find the derivative: Y(x) = 1/sqrt x please check my answer :)

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find the derivative: Y(x) = 1/sqrt x please check my answer :)

Mathematics
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|dw:1347972647599:dw|
I used the definition
Yes, that seems essentially correct. However, I've never seen it written this way. Usually, we group up the Xs, so you'd get this : |dw:1347971974141:dw|

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or this : |dw:1347971995093:dw|
What is the correct (best) way to right the derivative of a function? isn't it that there should be no radical in the denominator ? that's why I made it that way :)
\[\large{\frac{d}{dx}\frac{1}{\sqrt{x}}}\] \[\large{\frac{d}{dx}{\sqrt{x}^{-1}}}\] \[\large{\frac{d}{dx}x^{-\frac{1}{2}}}\] \[\large{\frac{-1}{2\sqrt{x^3}}}\]
this is what I did. .. well do you mean by rationalizing? @moongazer
yes, do you still need to rationalize it ?
If u will then it will look ugly.. let it be in this way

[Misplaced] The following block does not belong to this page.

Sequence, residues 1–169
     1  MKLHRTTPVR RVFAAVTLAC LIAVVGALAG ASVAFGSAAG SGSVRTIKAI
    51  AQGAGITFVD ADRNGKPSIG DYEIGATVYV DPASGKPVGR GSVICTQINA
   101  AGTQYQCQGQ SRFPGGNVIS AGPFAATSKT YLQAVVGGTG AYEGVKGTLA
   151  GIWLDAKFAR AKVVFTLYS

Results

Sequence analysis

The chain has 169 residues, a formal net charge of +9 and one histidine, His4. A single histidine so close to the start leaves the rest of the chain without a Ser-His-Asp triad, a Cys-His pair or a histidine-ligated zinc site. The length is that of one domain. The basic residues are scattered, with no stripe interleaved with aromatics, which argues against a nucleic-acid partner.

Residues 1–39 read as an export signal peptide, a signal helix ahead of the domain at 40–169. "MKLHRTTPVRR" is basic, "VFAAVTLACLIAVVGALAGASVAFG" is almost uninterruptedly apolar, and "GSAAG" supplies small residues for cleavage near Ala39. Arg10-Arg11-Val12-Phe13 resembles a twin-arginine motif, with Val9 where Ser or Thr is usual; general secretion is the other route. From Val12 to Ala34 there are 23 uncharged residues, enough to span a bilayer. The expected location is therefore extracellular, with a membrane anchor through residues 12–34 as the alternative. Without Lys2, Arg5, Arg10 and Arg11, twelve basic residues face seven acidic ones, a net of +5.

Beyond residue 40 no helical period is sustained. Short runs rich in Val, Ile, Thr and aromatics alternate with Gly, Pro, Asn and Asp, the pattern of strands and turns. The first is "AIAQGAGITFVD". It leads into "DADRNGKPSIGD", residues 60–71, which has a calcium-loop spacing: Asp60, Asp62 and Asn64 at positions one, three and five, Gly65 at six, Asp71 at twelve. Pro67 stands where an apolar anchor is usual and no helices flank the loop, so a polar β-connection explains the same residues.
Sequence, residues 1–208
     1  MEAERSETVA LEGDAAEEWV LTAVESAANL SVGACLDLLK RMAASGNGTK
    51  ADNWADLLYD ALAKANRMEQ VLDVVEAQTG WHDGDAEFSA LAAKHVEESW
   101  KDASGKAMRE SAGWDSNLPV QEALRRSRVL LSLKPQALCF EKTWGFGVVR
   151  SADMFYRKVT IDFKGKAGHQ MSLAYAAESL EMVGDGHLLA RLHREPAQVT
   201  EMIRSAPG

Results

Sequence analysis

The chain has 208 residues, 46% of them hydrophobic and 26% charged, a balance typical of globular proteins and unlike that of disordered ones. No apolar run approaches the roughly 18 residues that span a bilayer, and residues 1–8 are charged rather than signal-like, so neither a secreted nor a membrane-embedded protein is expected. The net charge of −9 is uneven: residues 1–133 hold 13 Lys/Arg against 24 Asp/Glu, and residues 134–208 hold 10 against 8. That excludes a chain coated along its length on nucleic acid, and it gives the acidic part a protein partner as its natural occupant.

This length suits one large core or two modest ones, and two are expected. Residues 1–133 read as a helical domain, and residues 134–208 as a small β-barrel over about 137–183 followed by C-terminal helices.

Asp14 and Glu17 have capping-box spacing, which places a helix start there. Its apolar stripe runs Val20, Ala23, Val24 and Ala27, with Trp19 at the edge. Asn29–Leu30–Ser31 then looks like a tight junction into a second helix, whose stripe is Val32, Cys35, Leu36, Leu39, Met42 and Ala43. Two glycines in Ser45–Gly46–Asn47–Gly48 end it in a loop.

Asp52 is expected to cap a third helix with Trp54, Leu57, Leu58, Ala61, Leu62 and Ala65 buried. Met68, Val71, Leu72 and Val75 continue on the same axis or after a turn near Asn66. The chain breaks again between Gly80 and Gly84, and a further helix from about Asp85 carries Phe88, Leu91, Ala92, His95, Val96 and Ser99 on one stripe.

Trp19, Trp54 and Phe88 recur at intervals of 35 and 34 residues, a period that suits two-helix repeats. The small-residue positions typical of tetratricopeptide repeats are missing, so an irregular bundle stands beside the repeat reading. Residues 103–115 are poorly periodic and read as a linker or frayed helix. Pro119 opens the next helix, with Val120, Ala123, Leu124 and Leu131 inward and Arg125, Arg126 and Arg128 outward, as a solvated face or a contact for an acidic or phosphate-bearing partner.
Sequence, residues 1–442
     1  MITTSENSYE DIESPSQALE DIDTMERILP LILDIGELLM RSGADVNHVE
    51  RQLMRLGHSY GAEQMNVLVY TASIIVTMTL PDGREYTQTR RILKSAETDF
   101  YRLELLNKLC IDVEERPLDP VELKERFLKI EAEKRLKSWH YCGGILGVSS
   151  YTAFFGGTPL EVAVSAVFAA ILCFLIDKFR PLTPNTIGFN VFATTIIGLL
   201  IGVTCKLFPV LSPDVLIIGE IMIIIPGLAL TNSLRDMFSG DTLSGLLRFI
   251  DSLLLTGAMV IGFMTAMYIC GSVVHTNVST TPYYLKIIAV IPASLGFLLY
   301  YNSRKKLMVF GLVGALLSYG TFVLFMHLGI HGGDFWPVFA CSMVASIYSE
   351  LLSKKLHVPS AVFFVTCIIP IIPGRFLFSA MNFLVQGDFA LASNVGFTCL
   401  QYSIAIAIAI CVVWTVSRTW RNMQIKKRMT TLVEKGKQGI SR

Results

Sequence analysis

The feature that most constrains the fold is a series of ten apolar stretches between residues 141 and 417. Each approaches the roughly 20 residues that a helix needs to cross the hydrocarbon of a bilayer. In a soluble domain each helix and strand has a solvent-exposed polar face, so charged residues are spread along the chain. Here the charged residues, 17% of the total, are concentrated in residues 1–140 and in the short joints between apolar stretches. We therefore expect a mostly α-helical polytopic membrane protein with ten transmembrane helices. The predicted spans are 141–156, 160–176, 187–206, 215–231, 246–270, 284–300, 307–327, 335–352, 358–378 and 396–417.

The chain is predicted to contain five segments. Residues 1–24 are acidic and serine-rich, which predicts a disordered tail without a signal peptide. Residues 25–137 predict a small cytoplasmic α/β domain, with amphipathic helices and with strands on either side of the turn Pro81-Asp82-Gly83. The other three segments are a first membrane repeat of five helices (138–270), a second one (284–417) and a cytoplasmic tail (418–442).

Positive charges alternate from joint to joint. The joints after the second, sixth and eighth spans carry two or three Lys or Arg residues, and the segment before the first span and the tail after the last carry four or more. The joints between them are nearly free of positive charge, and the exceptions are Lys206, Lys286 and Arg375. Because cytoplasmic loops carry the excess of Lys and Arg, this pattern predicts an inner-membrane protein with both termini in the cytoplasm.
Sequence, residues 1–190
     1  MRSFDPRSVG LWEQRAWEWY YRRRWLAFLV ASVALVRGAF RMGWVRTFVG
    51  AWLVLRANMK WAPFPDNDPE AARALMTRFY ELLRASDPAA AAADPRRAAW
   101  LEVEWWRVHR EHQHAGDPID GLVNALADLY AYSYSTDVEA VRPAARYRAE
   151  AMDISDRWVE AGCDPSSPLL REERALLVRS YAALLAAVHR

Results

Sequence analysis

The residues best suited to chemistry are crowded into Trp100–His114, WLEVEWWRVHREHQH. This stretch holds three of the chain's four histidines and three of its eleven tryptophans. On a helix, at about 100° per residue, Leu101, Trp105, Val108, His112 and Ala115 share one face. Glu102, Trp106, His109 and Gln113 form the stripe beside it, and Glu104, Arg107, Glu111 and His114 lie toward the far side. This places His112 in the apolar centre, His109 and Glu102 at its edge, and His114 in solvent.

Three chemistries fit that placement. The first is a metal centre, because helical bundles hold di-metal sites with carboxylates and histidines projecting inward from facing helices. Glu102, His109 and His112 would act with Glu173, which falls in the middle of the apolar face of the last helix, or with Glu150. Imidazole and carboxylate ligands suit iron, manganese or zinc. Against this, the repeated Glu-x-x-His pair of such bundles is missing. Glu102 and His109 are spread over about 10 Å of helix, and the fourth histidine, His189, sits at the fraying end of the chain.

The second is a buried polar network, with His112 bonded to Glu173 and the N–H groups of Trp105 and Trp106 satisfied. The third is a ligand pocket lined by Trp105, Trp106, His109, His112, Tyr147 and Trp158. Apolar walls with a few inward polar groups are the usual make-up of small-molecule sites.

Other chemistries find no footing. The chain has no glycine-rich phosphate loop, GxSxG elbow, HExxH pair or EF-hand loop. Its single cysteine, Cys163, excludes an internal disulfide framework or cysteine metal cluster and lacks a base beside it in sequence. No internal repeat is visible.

Yeah, you may rationalize if you need.
Rationalizing beautifies the fraction; it doesn't make it ugly. lol
or u can right : \[\large{\frac{-1}{2x^{\frac{3}{2}}}}\]
lol \[\large{\frac{-1\times x^{\frac{3}{2}}}{2x^3}}\]
\[\large{\frac{-\sqrt{x^3}}{2x^3}}\] @moongazer
got it @moongazer ?
yes, based on your answers, Does it mean that you can write the derivative of a function in anyway you like as long as it doesn't change the meaning of your derivative? it could be in exponential,rationalized, not rationalized or any other forms.
yes
Thanks :)
Also, if you choose to keep it simply as \[\frac{ -1 }{ 2x^{3/2} }\] is that it makes it simpler if you need to find its derivative after that (because sometimes, they just love to have you chain-derive something)
Thanks for the info :)

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